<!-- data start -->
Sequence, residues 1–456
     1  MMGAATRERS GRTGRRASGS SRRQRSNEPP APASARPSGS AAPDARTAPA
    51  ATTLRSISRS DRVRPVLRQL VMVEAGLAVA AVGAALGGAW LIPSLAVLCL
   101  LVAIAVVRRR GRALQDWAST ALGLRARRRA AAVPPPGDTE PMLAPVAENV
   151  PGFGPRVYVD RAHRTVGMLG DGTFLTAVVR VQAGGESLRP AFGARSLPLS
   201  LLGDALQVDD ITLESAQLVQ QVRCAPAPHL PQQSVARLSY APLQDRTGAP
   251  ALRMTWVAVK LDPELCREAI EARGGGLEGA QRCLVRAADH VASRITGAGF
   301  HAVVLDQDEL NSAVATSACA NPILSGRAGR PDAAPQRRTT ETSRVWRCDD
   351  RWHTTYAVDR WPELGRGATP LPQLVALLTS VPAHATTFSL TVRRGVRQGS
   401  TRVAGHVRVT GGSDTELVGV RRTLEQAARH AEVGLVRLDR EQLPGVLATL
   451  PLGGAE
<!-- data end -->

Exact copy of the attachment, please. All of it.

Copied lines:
Sequence, residues 1–456
     1  MMGAATRERS GRTGRRASGS SRRQRSNEPP APASARPSGS AAPDARTAPA
    51  ATTLRSISRS DRVRPVLRQL VMVEAGLAVA AVGAALGGAW LIPSLAVLCL
   101  LVAIAVVRRR GRALQDWAST ALGLRARRRA AAVPPPGDTE PMLAPVAENV
   151  PGFGPRVYVD RAHRTVGMLG DGTFLTAVVR VQAGGESLRP AFGARSLPLS
   201  LLGDALQVDD ITLESAQLVQ QVRCAPAPHL PQQSVARLSY APLQDRTGAP
   251  ALRMTWVAVK LDPELCREAI EARGGGLEGA QRCLVRAADH VASRITGAGF
   301  HAVVLDQDEL NSAVATSACA NPILSGRAGR PDAAPQRRTT ETSRVWRCDD
   351  RWHTTYAVDR WPELGRGATP LPQLVALLTS VPAHATTFSL TVRRGVRQGS
   401  TRVAGHVRVT GGSDTELVGV RRTLEQAARH AEVGLVRLDR EQLPGVLATL
   451  PLGGAE